Bertrand Russell, Intorduction to Mathematical Philsosphy, p:146-147

Further work in Mereology and set theory reveals that "sets" [as of ZFC] begs more Ontology, in other words a set must have at least a part of it that is disjoint (do not share a common part) from the heap of all of its elements, and it is not composed just of the material of its elements, the more you define sets the more you are Ontologically committed to newer entities having new material in them, I think this was first attributed to Stanisław Leśniewski.

In David Lewis's Parts of Classes, a nice work on relationship between set theory and Mereology, one can see where that excess material of a set comes from. In nutshell he thinks of the existence of a singleton partial function $Lb$ [the notation is mine] that sends aggregates of atoms [objects having no proper parts] to atoms, so the atom that an aggregate is sent to under that singleton function would serve as a "label" for that aggregate, then he defines class as "aggregate of labels", and define epsilon membership "$\in$" as:

$x \in y \iff \exists l [l=Lb(x) \wedge l \ P \ y]$,

where $P$ signify "is a part of",

Now, under that definition, it is easy to see that a class do have a part of it that is disjoint of the aggregate of all of its elements, this simply would be the fusion of all atoms in the class that are not parts of what is labeled by a label that is a part of that class, more simply stated: what is remained from a class after taking out all elements of its UNION from it. And since we are speaking of well-founded models then there would always be an excess material into a set over the sum material of its elements. Now Lewis then goes to define "set" as a class that has a label under the singleton function, and of course a proper class would be a class for which no label is assigned by that singleton function.

Now the head post is speaking about some naive form intuition about sets plus some Platonism, whereby each set is an entity in the abstracta, i.e. the abstract Platonic realm, and thinks of "set Union" as merely the "concatenation of such abstracta", and here "concatenation" is just another word for mereological aggregate, and this claim is intuitively false, as seen from above. To re-phrase Lewis's views in your terms I'd say that the set union would be the concatenation of all labels of the concatenated abstracta. The problem is that we are not sure that the arsenal of all such abstracta has a Label! There is no axiom that states that every aggregate of labels must have a label, actually this axioms lead straightforwards to Russell's paradox. So you can see that the concatenation intuition leads to existence of a "class" of all the concatenated abstracta but not of a set of all of them.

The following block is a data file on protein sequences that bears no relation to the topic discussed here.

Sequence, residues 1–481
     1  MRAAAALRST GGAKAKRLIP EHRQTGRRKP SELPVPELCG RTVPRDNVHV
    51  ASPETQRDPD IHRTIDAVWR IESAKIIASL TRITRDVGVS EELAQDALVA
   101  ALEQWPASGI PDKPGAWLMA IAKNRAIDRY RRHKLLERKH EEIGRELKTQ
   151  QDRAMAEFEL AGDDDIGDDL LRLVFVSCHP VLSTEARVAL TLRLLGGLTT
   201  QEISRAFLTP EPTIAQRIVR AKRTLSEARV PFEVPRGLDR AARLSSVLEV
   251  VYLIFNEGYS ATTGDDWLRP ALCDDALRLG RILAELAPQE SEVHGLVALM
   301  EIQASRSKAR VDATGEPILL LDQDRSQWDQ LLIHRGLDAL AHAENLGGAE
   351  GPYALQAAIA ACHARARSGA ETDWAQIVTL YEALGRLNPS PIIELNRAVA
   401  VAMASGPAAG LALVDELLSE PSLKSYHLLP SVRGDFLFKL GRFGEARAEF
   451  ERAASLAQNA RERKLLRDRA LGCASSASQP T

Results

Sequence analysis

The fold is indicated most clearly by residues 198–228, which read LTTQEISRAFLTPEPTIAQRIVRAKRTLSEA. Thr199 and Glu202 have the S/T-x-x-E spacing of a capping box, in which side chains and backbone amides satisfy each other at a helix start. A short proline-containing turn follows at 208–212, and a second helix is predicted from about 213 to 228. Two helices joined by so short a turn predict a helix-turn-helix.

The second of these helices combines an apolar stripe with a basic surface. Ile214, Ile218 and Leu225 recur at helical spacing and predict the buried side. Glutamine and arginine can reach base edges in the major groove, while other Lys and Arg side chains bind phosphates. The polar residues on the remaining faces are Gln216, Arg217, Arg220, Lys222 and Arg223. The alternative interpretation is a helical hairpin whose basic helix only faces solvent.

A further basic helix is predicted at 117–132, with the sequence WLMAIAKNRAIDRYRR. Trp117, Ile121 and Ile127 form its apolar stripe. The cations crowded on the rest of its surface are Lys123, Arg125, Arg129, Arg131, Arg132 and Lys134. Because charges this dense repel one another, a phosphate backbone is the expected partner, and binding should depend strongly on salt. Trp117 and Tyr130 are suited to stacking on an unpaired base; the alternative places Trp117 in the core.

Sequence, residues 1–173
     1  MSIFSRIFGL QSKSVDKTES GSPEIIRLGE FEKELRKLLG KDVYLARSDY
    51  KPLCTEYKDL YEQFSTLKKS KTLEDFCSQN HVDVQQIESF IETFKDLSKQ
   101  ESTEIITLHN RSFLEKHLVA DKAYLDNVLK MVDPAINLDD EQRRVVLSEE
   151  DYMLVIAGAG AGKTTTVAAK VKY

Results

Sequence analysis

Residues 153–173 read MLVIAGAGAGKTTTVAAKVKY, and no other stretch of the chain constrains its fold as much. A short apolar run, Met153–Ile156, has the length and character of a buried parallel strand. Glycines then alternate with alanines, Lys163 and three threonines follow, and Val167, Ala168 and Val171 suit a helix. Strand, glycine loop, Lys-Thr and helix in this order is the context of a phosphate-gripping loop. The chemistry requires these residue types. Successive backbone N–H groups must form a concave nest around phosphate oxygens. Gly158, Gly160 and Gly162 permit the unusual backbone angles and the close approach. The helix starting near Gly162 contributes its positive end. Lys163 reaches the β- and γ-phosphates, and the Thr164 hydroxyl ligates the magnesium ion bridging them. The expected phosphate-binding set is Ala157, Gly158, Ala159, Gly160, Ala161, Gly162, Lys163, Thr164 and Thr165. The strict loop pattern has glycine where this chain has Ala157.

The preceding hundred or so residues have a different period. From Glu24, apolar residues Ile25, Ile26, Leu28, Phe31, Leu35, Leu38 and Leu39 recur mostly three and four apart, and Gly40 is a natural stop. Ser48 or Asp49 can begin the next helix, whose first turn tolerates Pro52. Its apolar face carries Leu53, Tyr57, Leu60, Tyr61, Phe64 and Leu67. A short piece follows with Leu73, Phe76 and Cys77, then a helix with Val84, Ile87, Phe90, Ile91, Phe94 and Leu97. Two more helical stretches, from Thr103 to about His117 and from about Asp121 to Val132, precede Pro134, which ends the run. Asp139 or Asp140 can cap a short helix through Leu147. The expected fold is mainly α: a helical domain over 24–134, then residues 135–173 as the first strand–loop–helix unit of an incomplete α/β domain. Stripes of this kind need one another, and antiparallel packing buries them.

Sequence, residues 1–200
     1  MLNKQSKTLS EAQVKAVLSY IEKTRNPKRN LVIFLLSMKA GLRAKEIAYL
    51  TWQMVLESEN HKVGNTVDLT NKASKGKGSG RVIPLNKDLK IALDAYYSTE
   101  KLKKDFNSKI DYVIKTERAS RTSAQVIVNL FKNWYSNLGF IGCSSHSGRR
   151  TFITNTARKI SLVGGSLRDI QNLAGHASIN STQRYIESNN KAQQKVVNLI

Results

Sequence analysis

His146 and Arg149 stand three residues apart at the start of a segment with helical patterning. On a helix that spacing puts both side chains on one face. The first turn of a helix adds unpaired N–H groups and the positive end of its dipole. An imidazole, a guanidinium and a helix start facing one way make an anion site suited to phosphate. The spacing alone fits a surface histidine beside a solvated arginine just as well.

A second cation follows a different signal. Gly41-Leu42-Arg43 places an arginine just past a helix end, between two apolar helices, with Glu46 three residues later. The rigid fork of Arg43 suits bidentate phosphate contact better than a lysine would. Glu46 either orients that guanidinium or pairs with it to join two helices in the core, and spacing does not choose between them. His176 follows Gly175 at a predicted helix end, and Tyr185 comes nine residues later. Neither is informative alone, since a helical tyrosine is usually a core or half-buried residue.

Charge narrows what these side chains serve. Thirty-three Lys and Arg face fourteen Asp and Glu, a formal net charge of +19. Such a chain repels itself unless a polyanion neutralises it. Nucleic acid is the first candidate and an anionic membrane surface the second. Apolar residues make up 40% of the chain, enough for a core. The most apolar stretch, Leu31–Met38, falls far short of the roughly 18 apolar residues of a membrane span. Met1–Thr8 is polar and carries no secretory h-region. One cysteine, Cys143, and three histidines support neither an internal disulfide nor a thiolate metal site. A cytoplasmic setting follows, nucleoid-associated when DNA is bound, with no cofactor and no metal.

So "sets" are not mere extensions [classes would be!] they encounter something else which in Lewis's view would be understood as labels, so set theory is about labeling of extensions, so an extension which is potentially a plurality would be labeled by a singular entity, and we take extensions of those singular entities and then label them by the singular, and so on, Lewis views set theory as the hierarchical inter-play of the plural and the singular.

I personally like to intuitively view "sets" simply as containers, and set member as an atom inside a container at some moment of time. We can rephrase the membership of ZF as "is contained in" and objects in the domain of ZFC to be some kind of containers [whether abstract or concrete]. Now if we extend ZFC with classes, then I take those classes to correspond to mereological aggregates of containers, and so classes are nearest to the idea of extensions (or concatenations in your terms), I also would define class membership in a separate manner from set membership (which I view as containment-ship really), a member of a class is a container that is a part of that class, and also mereologically I'd stipulate all containers as mereological atoms, since we are not meant with the proper parts of a container, we are meant with its containment action! So there is excess material involved with thinking of sets here, because they are clearly not the aggregate of what they contain, they are the container that contains all and only atoms of that aggregate.